Example: In a product design project, designers might have the autonomy to explore creative solutions that can lead to innovative and user-friendly outcomes.
6. The Most Efficient and Effective Method of Conveying Information to and Within a Development Team is Face-to-Face Conversation
Direct communication is highly valued in Agile. Face-to-face conversations reduce misunderstandings and promote quick problem-solving.
Example: In a software development project, daily stand-up meetings can facilitate real-time communication among team members, enhancing coordination and reducing the likelihood of miscommunication.
7. Working Software is the Primary Measure of Progress
In Agile, tangible progress is measured by functional software rather than documentation. This principle ensures that the focus remains on delivering valuable outcomes.
Example: In a content creation project, the completion and publication of articles might represent measurable progress, emphasizing the importance of tangible results over extensive planning.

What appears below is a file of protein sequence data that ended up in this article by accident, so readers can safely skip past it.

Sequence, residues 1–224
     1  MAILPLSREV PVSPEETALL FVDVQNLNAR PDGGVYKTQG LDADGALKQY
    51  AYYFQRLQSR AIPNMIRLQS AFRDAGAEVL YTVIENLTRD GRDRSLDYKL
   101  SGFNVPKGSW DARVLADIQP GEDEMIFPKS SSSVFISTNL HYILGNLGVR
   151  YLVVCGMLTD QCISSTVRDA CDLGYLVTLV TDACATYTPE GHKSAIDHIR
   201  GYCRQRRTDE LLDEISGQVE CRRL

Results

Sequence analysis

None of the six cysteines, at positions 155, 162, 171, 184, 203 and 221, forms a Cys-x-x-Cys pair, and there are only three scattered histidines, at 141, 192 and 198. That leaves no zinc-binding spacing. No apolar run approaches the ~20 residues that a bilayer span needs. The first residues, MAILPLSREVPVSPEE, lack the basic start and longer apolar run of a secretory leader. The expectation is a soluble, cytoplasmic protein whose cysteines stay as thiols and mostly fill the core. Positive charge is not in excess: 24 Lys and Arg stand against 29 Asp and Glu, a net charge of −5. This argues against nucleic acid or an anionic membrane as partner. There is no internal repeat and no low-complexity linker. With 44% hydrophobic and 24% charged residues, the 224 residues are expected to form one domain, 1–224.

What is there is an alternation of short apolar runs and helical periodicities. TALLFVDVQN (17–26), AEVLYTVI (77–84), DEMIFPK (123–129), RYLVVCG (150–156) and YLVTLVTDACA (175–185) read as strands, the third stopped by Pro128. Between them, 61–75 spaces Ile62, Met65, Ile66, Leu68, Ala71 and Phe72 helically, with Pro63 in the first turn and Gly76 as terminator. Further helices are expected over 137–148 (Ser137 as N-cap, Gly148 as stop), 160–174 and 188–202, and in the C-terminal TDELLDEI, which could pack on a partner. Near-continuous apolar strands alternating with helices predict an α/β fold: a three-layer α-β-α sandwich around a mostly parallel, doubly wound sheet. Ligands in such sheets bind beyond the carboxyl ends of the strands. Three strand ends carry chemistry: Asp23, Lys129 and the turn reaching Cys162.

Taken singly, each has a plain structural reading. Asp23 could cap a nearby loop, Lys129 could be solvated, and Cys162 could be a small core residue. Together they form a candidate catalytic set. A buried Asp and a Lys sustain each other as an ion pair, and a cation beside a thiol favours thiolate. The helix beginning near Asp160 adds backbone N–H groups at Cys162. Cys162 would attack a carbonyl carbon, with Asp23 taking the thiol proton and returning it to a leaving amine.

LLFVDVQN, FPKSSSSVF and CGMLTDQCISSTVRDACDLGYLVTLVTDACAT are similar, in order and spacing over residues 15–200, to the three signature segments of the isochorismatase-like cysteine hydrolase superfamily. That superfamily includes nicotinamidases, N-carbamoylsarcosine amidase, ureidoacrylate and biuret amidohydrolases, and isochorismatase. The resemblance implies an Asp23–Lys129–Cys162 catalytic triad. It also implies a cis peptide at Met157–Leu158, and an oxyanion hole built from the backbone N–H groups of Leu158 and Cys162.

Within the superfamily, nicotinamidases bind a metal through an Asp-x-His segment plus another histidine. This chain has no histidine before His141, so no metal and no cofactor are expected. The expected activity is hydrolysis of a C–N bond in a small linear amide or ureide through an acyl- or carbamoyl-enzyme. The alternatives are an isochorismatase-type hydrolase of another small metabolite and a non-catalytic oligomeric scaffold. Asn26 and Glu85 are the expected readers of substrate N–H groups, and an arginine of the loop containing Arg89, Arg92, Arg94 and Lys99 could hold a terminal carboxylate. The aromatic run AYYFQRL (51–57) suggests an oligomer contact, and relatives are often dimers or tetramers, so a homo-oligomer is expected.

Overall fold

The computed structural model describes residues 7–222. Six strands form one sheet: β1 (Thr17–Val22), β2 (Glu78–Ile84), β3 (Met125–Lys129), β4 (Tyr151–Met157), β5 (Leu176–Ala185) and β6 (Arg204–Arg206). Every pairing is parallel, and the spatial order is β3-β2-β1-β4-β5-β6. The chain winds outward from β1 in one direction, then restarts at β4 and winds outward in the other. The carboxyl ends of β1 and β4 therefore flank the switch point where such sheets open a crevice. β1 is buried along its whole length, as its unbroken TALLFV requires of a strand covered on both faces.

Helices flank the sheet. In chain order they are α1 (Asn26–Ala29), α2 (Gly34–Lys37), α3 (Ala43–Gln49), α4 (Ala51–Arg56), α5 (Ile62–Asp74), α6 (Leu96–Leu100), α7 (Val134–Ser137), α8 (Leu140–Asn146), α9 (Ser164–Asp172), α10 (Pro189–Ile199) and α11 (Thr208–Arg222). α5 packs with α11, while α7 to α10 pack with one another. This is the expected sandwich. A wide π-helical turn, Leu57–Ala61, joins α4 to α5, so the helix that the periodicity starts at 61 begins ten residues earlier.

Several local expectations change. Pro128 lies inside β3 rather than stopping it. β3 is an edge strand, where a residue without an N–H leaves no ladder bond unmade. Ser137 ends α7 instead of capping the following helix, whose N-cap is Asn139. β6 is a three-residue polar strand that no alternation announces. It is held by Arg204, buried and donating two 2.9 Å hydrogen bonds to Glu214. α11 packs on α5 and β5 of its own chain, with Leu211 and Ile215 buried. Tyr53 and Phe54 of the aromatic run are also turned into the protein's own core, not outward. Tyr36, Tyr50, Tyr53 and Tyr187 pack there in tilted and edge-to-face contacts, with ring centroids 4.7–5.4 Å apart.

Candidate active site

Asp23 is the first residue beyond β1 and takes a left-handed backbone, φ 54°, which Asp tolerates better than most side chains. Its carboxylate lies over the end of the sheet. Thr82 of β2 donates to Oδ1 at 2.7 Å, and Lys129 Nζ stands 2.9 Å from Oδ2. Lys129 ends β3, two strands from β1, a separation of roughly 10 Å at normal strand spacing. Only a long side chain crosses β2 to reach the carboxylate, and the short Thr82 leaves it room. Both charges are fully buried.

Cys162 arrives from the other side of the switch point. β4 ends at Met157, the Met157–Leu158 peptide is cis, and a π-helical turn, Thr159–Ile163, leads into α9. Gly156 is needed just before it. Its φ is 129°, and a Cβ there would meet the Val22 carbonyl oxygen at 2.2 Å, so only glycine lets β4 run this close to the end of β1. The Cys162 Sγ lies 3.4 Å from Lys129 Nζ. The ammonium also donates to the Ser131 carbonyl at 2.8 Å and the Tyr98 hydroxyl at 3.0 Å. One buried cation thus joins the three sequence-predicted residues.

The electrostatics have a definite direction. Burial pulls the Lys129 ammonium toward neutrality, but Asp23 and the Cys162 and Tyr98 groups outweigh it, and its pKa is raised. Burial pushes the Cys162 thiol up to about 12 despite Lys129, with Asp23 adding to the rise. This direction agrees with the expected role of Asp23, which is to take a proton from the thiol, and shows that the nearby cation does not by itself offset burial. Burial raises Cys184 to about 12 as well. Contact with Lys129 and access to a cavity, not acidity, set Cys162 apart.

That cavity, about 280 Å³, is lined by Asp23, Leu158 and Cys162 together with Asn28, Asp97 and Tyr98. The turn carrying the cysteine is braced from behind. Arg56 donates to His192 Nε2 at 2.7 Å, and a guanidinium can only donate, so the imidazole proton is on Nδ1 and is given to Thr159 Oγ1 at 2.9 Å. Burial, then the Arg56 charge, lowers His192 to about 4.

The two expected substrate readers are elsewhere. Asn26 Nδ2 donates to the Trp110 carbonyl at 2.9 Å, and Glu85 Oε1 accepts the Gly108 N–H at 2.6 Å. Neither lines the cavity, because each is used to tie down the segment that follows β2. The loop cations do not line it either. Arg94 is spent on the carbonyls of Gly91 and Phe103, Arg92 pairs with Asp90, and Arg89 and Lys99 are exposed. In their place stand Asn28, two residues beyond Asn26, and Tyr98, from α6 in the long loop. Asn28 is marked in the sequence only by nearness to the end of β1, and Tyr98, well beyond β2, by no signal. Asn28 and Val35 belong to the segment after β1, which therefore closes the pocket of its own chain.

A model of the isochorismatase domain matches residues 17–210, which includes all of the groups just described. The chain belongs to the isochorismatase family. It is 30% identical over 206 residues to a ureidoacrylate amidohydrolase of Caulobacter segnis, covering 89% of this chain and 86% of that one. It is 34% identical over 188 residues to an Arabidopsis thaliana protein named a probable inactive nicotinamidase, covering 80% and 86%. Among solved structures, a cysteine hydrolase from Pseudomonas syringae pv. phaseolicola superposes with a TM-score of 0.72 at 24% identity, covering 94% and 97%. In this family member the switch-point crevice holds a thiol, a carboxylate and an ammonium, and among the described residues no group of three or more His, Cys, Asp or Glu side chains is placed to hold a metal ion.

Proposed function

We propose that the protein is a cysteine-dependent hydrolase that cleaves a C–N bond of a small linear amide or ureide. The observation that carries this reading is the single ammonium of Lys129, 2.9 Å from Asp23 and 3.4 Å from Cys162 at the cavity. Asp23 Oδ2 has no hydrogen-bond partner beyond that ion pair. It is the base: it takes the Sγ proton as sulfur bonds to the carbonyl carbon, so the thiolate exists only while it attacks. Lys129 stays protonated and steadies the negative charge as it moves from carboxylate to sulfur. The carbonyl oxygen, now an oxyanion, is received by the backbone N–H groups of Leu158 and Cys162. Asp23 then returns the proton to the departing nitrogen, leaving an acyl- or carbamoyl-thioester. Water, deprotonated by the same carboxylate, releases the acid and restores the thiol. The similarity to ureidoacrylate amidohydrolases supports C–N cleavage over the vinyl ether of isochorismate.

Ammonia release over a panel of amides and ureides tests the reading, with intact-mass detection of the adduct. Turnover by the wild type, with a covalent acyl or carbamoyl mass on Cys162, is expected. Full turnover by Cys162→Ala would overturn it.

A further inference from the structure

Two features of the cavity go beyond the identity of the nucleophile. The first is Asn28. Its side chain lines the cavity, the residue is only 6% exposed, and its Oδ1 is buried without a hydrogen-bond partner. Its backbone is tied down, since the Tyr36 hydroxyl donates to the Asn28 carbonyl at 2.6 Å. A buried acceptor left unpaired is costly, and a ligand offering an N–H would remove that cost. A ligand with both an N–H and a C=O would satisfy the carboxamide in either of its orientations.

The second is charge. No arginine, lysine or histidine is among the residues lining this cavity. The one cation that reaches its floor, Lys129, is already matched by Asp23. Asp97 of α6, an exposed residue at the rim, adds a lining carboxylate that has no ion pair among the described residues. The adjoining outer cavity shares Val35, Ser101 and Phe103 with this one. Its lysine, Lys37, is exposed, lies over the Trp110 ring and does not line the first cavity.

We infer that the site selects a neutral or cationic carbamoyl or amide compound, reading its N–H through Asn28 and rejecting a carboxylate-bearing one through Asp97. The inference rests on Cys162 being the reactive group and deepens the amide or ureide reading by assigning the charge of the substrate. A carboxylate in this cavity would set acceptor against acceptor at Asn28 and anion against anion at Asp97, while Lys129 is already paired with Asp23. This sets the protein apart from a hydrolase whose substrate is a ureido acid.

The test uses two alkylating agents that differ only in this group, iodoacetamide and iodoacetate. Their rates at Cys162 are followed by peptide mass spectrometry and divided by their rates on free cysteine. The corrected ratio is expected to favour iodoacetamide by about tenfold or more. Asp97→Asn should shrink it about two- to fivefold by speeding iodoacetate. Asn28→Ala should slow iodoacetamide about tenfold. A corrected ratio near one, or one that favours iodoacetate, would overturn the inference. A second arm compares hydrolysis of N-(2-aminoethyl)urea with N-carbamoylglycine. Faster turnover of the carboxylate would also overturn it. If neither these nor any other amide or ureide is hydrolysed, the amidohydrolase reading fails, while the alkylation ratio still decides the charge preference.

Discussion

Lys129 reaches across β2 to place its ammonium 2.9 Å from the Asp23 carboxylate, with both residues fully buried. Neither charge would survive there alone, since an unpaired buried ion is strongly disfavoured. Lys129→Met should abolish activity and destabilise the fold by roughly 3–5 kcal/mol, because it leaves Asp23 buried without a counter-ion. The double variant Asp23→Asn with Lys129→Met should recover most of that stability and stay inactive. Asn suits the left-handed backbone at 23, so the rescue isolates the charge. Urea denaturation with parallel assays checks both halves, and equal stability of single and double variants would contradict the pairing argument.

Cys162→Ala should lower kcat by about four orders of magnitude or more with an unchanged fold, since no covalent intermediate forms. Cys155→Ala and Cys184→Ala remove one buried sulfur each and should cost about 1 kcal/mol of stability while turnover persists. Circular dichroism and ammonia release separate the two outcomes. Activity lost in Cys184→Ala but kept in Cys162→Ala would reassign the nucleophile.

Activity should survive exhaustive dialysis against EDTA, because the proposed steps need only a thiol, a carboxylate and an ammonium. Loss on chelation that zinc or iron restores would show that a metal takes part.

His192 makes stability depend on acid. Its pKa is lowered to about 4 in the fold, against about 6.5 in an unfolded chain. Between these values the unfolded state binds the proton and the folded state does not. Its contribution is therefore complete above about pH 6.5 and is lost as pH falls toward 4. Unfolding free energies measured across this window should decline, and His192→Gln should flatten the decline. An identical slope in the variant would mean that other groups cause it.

8. Agile Processes Promote Sustainable Development. The Sponsors, Developers, and Users Should Be Able to Maintain a Constant Pace Indefinitely
Sustainable development is prioritized in Agile to avoid burnout and maintain long-term productivity. This means finding a pace that allows for consistent progress without overworking the team.
Example: In a project management scenario, setting realistic sprint goals could help ensure that the team can maintain a sustainable pace throughout the project lifecycle.
9. Continuous Attention to Technical Excellence and Good Design Enhances Agility